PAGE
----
According to the results of two recent studies conducted by the Global Retail Theft Barometer and the National Retail Security Survey, shoplifting continues to be a major issue for the retail industry. Understanding why people steal, what makes a retailer an easy target, and what might prevent someone from shoplifting can only be learned from the shoplifters themselves. This article is a follow up to interviews with actual shoplifters from a recent loss prevention industry event.
Each year, LP Innovations participates in the Loss Prevention Research Council (LPRC) Impact Conference, an industry conference focused on research and development to “sell more and lose less”; using science and analytical study within the field of loss prevention. One part of this conference includes a Q&A session with actual shoplifters in an effort to better understand their mindset; how and why they steal, and what might prevent them from stealing.
Last year we posted a similar blog titled, “Shoplifting From The Mouths Of Thieves,” discussing last year’s interviews. If interested, read last year’s blog to compare that panel to this year’s panel of shoplifters. Here is what we learned from this year’s conference.
The group was comprised of 4 male shoplifters, all which could be classified as “professional” shoplifters, based on the frequency of their shoplifting. Based on the need to steal however, I would consider two of the individuals “amateur” as they stole mainly for personal need. The other two individuals explained that they stole to sell the merchandise for cash (profit), which would be classified more as professional than amateur. None described being part of a larger “organized group” or “ring”, which would be classified as organized retail criminals.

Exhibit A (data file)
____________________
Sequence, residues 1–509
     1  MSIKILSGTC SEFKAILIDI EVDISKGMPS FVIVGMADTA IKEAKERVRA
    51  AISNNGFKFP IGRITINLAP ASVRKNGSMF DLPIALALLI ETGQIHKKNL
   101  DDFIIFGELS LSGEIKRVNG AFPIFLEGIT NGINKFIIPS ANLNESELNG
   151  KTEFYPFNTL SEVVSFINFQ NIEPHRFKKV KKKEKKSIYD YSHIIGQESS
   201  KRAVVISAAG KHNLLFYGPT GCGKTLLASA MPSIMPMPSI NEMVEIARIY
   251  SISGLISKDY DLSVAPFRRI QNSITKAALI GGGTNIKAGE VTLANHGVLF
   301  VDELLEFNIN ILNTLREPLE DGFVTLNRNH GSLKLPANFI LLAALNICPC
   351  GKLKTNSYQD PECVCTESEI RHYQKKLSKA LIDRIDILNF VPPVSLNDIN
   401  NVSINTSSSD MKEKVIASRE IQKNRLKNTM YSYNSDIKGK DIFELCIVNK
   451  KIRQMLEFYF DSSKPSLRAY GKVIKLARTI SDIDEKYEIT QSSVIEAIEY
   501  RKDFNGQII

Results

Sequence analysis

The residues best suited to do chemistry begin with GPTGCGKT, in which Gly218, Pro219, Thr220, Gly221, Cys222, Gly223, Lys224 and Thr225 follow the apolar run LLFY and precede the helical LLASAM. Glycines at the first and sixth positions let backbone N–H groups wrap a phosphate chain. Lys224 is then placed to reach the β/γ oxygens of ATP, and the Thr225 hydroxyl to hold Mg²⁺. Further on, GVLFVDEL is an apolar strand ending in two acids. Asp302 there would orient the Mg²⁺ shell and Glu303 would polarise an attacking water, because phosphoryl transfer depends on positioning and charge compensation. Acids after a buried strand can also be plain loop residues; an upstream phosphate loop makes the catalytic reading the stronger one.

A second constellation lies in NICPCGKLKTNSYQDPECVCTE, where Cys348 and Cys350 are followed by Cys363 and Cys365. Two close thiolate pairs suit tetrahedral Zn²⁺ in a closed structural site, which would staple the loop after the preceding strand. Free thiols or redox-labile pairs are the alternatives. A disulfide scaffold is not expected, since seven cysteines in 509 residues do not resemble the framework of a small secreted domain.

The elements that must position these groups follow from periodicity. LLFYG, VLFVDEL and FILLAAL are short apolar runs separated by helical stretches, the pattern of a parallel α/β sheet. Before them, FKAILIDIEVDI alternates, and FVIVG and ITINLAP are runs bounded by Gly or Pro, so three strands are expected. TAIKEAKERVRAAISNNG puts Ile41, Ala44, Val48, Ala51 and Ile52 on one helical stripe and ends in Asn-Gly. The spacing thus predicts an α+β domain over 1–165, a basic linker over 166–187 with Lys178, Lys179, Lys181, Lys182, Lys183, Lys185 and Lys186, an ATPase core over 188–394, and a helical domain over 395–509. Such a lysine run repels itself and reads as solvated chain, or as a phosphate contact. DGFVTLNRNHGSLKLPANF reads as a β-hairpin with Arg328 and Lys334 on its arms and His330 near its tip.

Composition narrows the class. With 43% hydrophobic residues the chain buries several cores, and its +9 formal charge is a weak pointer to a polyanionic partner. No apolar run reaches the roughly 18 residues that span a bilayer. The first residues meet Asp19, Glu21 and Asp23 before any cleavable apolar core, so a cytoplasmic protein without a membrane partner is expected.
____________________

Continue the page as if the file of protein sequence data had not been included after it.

The two shoplifters who stole for profit obtained financial benefits differently. One would first legitimately purchase items. Later he would return to the store, steal the same items he originally purchased off the sales floor and using receipt from his original purchase, approach the counter to “return” the stolen items for cash or gift cards. The originally purchased items would then also be returned for merchandise credits or gift cards. The shoplifter would then sell the credits and gift cards online or to individuals for cash. The second shoplifter would steal items in order to sell to a pre-determined individual buyer.
Risk versus Reward
When asked how they chose locations, items to be stolen and whether to steal once in a location their responses included;
Choosing the location was based on vulnerability (see what makes a store a target)
Choosing items was based on why they were stealing
Personal Need: What they needed or wanted
Financial Gain: items that are easy to steal and that reap a large financial benefit
Determining whether to steal once in a location and item choice was primarily based on employee attentiveness and ability to be recognized.
All members on the panel agreed that EAS tags were not a concern as they could easily be defeated. All admitted to carrying a pocketknife or screwdriver to remove security tagging devices if necessary. CCTV, depending on how it was positioned, was also not a concern. Distant, ceiling hung CCTV devices posed less of a threat as one shoplifter stated, “Just because there are cameras doesn’t mean they are being watched.” Monitors (like public view monitors) or cameras positioned in close proximity to the items of choice were more of a deterrent than longer view camera systems.
What did they say are the best deterrents to shoplifting?
Written by David Johnston, Director of Business Development